Czech President Milos Zeman’s decision to skip China’s summit with European leaders in April shows the “honeymoon is over” between Prague and Beijing, analysts say, as it tries to shake up the relationship to push for more investment.
And China could face similar trouble with other nations looking for more at this year’s “17+1” summit with Central and Eastern European nations in Beijing.
Top leaders usually attend the gathering, but Zeman on Sunday said he would not be going, and that China had not “done what it promised” by failing to invest more in his country. He would instead send Deputy Prime Minister Jan Hamacek, which he said was “adequate to the level of cooperation”.
At last year’s summit in Croatia, Prague was represented by Prime Minister Andrej Babis, who was diplomatically on par with the Chinese representative, Premier Li Keqiang. But it is China’s turn this year, and President Xi Jinping will be the host – meaning heads of state are expected to attend. The 17+1 grouping was launched by Beijing in 2012.
Zeman was a strong advocate for deepening economic ties with China and investments were on the rise, for a time. But Zeman and other Czech leaders have increasingly questioned the nature of the relationship, especially as the economic benefits have dwindled.
Relations with China grew after Zeman, who is in his second term as president, took office in 2013. The peak came in 2016 when Xi visited the country and promised more Chinese investment. That year, Zeman said he hoped his country would be an “unsinkable aircraft carrier” for Chinese investment in Europe.
But since then, the investments have faltered, not just in the Czech Republic, but across Central and Eastern Europe, and Zeman has changed his tone. In April, he called the lack of investment in his nation a “stain on the Czech-China relationship”, in an interview with Chinese state broadcaster CCTV.
“I suppose he feels that promises made to him personally were not fulfilled since he has had personal contact with Xi Jinping on a number of occasions … he surely feels that his commitment to China has not been reciprocated,” said Jeremy Garlick, assistant professor of international relations at the University of Economics, Prague.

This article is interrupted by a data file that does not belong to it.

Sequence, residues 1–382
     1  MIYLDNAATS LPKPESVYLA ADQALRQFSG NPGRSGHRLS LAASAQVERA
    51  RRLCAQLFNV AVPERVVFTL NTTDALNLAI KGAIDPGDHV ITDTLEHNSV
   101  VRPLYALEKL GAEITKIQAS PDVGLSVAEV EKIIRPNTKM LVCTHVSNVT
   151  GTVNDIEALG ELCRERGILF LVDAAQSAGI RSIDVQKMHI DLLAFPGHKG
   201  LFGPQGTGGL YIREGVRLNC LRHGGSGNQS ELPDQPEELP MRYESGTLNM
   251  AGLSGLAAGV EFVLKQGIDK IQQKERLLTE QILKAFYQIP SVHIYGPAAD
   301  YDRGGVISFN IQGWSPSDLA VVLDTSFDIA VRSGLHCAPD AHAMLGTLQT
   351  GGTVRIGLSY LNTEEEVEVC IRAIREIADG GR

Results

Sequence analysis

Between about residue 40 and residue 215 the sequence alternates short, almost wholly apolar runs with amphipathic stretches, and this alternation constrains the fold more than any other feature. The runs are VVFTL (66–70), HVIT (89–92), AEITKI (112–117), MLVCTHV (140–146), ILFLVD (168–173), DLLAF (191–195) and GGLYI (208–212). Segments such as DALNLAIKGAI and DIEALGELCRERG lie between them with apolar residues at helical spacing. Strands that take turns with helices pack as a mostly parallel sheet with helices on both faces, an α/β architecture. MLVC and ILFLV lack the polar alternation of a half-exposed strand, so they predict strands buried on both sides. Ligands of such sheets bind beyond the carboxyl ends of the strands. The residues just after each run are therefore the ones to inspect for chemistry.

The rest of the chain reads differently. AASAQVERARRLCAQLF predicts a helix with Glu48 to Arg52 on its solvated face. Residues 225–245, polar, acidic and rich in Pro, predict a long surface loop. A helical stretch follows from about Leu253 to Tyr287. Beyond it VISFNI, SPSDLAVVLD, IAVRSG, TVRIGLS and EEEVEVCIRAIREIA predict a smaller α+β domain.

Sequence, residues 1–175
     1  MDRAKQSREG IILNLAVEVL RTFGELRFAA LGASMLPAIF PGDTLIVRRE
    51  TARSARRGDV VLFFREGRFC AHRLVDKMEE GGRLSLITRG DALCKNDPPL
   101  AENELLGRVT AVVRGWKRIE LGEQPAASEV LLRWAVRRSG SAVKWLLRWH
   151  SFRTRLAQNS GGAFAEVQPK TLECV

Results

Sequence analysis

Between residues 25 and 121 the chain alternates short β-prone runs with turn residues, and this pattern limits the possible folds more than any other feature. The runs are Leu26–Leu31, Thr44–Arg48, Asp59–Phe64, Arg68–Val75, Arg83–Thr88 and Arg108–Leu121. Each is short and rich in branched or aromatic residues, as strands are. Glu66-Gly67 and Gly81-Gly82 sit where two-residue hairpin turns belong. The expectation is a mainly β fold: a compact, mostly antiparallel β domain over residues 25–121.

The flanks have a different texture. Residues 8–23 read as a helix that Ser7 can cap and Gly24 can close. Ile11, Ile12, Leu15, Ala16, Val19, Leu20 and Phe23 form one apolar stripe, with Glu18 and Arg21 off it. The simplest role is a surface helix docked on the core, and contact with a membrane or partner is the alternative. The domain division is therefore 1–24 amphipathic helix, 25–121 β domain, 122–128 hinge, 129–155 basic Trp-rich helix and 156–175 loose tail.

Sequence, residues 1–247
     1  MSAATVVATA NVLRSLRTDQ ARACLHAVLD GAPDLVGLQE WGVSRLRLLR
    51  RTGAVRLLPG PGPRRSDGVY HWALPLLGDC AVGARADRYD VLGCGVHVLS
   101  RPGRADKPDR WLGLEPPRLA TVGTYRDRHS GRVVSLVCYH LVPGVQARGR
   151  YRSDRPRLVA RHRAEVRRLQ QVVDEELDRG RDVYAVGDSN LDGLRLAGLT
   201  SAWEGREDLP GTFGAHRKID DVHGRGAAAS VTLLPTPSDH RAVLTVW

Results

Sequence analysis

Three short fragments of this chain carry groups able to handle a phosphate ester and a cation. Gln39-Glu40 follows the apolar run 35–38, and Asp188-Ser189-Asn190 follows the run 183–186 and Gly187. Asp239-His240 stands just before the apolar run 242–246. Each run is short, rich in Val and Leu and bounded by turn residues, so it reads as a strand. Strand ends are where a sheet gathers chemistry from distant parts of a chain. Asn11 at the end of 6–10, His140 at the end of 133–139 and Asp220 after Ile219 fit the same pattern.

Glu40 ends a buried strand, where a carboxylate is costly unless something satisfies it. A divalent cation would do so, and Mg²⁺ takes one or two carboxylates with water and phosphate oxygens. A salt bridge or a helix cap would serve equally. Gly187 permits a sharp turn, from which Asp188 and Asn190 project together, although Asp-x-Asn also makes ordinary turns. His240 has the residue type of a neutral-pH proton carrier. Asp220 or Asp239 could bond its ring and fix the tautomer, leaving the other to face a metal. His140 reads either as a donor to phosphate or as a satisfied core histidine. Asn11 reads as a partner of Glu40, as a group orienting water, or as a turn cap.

Zeman has visited China five times and was the only EU leader to attend a Chinese military parade in 2015 to mark the 70th anniversary of the end of World War II.
Rhodium Group has tracked Chinese foreign direct investment data in Europe since 2000. Its data shows that while total Chinese investment in the Czech Republic had grown to about €1 billion (US$1.1 billion) by 2018, growth has been slow, while neighbouring countries like Italy and Germany had some 15 to 20 times more investment in their economies.
“I see the current sharp downturn of Czech-China relations being related to very high and unrealistic expectations which existed perhaps on both sides, driven to a large extent by the ignorance of each other,” said Richard Turcsanyi, director of the Central European Institute of Asian Studies at Palacky University
“Due to the impressive economic growth of China and also its international economic expansion, many expected that China could quickly become a significant economic actor in the Czech Republic,” he said.